I’ve always been a sucker for the long, unbroken shot. I get giddy watching the several-minutes-long set pieces in the recent Pride and Prejudice, for example. But in Children of Men there are so many long, unbroken shots that I lost track. Indeed, I was so caught up in the story unfolding that I don’t think I even noticed most of them. It’s only now, as I watch the clips from the movie and read interviews with Clive Owen and Director Alfonso Cuarón that I realize that many of the movie’s most-intense moments, images that are seared into my brain (again with the apt clichés), were actually delivered in unbroken, hand-held sequences that last as long as 12 minutes. Twelve minutes.

I don’t want to go all film-school geeky about this. Again, it’s not so much the technique. Children of Men isn’t merely realistic; it’s real. And it’s what Cuarón has chosen to do with that reality that has left me so stunned.

I don’t think I’m really conveying what I want to convey about the movie. I keep thinking of different things I could say about it. I could say that it has replaced Blade Runner atop my personal list of amazing, immersive visions of the near-future, and not just replaced it, but obliterated it, but that comparison (while an obvious one to make, which is why many people are making it) isn’t really fair to either movie. Children of Men isn’t competing with Blade Runner, and shouldn’t have to. But for what it’s worth, if you’re making me choose, I have to choose Children of Men.

And none of this, again, really gets at the heart of what this movie does. I’m forced to turn to someone else’s words. From Miss(ed) Manners’ What I did over Christmas vacation:

You’re terrified, but you feel for the characters, even though they are only sugar.

That’s my reaction to Children of Men. I can’t wait to see this movie again, to immerse myself in the world it creates, not because the world it creates is a particularly nice place to visit (very much the opposite), but to experience again the black magic that lets a person go somewhere like that without actually going anywhere.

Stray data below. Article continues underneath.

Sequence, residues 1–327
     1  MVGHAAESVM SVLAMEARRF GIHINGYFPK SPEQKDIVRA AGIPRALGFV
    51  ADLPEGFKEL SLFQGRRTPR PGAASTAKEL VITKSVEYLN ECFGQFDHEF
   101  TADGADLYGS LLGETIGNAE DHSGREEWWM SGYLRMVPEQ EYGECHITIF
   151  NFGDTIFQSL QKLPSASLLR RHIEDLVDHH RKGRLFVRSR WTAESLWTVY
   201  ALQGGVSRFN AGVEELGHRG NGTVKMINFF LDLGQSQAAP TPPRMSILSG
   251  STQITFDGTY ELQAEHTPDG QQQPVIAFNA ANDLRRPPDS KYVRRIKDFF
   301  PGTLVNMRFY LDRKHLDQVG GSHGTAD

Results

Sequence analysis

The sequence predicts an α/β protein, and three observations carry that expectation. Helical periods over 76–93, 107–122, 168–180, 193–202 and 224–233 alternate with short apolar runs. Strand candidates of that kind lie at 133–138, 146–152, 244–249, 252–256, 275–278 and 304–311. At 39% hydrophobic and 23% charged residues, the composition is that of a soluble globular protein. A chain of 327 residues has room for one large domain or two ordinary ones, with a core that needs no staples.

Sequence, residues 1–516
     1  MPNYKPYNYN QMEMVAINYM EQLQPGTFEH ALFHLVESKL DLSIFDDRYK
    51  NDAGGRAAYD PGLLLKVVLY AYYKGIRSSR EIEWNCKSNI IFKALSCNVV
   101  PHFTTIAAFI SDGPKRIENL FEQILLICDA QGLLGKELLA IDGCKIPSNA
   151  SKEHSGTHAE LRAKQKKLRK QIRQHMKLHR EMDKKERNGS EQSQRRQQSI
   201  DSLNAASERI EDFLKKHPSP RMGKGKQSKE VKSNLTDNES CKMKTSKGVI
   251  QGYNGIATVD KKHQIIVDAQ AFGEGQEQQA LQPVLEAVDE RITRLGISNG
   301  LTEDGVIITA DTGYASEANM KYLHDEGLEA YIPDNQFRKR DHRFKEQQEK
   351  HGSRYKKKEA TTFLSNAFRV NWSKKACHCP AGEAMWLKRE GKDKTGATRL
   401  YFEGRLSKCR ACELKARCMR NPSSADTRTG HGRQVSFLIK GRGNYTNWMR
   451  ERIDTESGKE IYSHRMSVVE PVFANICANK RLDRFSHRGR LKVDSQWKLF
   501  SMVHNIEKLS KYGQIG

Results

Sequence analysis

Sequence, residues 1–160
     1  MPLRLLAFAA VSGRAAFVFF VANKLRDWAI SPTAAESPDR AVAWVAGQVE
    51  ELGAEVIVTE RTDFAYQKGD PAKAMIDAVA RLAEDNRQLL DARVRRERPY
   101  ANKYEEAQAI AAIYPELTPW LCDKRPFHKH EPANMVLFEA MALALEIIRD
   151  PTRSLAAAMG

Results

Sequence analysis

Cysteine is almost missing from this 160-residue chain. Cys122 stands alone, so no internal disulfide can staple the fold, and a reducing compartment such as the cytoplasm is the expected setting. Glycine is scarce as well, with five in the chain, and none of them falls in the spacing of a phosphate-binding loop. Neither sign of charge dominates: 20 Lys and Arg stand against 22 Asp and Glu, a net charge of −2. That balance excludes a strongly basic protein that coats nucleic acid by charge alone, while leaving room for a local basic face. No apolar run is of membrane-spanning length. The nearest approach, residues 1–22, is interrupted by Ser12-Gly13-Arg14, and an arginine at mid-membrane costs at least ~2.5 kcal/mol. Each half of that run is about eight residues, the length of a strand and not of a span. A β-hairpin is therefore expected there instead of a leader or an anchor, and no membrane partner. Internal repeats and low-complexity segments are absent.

See this movie.

A Picture Worth a Thousand Words. Even If It Only Has Two.

Saturday, January 13th, 2007

Via Larry Downing of Reuters, via First Draft:

Brooks on Bush’s Iraq Exit Strategy

Friday, January 12th, 2007

Earlier today I talked about Bush’s Iraq troop increase as a manifestation of his vanity. But in her column in today’s L.A. Times, Rosa Brooks points out the following interesting parallel with Vietnam (How Republicans win if we lose in Iraq):

By 1971, Nixon and Kissinger understood that “winning” in Vietnam was no longer in the cards — so they shifted from trying to win the war to trying to win the next election. As Nixon put it in March 1971: “We can’t have [the South Vietnamese] knocked over brutally … ” Kissinger finished the thought ” … before the election.” So Nixon and Kissinger pushed the South Vietnamese to “stand on their own,” promising we’d support them if necessary. But at the same time, Kissinger assured the North Vietnamese — through China — that the U.S. wouldn’t intervene to prevent a North Vietnamese victory — as long as that victory didn’t come with embarrassing speed.

As historian Jeffrey Kimball has documented, Kissinger’s talking points for his first meeting with Chinese Premier Chou En-lai on the topic of Vietnam included a promise that the U.S. would withdraw all troops and “leave the political evolution of Vietnam to the Vietnamese.” The U.S. would “let objective realities” — North Vietnamese military superiority — “shape the political future.” In the margins of his briefing book, Kissinger scrawled a handwritten elaboration for Chou: “We want a decent interval. You have our assurance.”